Why Not Shop Around for the Best Government? By Simon Black

Leonardo da Vinci’s painting and engineering skills were so highly renowned that he was in extremely high demand among European nobility in the early Renaissance.

Leonardo started in the independent city-state of Florence as an apprentice artist, where he worked for the famous Medici family.

Then in the early 1480s, da Vinci went to Milan to work for Duke Ludovico Sforza (the man who commissioned The Last Supper).

At the turn of the century, the Venetian Republic briefly engaged da Vinci’s services as a military adviser. He then relocated to the Papal States to work as a military adviser for Pope Alexander VI’s son, Cesare Borgia.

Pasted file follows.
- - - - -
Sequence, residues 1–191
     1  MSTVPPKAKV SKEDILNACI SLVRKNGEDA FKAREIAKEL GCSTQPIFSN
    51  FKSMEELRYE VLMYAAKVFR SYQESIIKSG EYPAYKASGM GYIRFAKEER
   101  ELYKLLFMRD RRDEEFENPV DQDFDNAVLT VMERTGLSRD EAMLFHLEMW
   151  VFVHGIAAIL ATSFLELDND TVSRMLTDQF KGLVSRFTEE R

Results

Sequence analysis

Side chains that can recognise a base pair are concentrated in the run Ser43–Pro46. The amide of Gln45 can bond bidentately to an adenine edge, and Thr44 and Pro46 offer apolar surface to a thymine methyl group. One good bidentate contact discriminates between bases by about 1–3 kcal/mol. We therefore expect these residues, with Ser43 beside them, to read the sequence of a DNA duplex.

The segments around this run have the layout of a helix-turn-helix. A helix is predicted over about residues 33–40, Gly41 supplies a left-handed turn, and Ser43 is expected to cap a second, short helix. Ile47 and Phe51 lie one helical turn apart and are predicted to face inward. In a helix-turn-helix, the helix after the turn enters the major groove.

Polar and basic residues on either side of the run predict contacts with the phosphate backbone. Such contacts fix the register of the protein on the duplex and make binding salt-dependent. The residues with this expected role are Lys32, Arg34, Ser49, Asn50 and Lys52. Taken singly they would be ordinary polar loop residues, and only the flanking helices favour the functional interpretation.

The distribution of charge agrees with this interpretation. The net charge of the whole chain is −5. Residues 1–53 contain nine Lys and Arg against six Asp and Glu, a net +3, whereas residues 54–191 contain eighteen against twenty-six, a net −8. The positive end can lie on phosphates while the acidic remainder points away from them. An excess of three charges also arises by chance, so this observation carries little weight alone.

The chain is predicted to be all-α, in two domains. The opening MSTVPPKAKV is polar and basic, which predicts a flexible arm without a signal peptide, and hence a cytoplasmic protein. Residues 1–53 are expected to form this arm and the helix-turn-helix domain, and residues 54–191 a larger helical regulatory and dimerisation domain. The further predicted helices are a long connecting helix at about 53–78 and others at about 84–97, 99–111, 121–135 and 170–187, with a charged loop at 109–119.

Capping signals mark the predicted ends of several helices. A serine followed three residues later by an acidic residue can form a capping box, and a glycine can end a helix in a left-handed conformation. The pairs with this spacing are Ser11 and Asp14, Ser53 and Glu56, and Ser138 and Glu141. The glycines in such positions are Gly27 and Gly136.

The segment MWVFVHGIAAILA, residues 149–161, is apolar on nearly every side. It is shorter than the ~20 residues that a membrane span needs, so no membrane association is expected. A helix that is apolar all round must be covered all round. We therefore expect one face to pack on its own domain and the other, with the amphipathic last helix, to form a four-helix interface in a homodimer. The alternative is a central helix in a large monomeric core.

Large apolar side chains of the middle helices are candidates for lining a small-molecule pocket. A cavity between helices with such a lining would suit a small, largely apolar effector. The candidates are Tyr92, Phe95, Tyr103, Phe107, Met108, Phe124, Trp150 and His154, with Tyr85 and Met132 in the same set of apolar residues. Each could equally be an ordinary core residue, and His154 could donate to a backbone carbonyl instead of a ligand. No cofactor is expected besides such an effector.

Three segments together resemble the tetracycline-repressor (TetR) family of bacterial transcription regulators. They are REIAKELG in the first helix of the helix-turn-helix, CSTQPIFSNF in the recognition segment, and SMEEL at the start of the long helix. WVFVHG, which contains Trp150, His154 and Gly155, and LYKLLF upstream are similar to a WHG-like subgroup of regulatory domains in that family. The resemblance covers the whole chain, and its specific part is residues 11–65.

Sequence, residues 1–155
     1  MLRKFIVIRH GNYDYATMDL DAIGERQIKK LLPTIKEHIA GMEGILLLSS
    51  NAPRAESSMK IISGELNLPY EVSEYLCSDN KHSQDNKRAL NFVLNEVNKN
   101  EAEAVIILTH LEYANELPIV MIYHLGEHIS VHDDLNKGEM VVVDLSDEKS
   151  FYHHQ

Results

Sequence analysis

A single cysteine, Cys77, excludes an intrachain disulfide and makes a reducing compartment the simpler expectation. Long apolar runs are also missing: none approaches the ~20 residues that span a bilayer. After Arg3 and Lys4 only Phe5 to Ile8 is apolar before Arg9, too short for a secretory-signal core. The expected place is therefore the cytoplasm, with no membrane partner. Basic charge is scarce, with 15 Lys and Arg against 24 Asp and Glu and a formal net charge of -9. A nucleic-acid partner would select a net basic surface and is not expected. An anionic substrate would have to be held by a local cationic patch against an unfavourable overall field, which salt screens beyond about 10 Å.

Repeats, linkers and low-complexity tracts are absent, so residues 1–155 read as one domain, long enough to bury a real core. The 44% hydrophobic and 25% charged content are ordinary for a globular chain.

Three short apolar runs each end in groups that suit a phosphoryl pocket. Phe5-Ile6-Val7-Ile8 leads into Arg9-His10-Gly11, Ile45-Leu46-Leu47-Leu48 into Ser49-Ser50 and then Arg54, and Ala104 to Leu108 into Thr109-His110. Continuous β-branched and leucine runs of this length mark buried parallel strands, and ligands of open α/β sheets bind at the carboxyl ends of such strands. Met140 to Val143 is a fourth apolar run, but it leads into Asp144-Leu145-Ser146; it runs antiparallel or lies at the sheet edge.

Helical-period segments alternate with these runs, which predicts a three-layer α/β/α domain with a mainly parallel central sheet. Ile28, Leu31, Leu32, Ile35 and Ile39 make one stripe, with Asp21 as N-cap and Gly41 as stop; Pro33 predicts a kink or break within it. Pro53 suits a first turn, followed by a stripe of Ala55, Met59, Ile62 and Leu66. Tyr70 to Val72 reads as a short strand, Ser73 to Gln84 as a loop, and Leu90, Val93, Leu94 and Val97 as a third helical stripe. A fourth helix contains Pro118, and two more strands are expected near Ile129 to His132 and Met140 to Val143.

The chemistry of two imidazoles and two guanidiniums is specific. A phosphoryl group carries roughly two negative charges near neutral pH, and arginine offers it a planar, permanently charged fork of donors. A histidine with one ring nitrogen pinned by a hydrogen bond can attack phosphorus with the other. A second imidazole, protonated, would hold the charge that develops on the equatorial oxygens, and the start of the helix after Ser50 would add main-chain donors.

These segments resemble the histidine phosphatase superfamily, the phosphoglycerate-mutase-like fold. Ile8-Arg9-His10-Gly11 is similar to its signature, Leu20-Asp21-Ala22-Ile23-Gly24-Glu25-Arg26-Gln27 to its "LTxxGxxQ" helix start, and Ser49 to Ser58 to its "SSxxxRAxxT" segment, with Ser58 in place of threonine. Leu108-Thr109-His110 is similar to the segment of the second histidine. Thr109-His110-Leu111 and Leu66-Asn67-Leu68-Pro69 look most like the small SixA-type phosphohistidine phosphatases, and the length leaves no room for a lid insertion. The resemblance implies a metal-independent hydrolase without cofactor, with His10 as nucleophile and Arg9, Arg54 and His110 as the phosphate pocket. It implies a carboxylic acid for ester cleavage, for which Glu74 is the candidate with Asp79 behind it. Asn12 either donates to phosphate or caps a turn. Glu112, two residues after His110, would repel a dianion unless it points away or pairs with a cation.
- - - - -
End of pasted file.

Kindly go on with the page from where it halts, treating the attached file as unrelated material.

By 1503, he was back to work in Florence, and in 1515 moved to France, where he lived the remainder of his life working for King Francis I.

But Leonardo da Vinci was far from the only renaissance man who could take advantage of governments competing for talent.

The leaders of Italian city-states wanted to show the world how advanced and cultured they were, and therefore would extend tax breaks, land, and even titles to talented individuals, including artists, inventors, scientists, and engineers.

And this concept still exists today as well.

For example, US cities and states competed a few years ago to attract the new Amazon headquarters to their area.

New York City was initially chosen for Amazon’s ‘HQ2’ site before New York’s crazy politicians led a revolt, and Amazon decided it wasn’t worth the political hassle.

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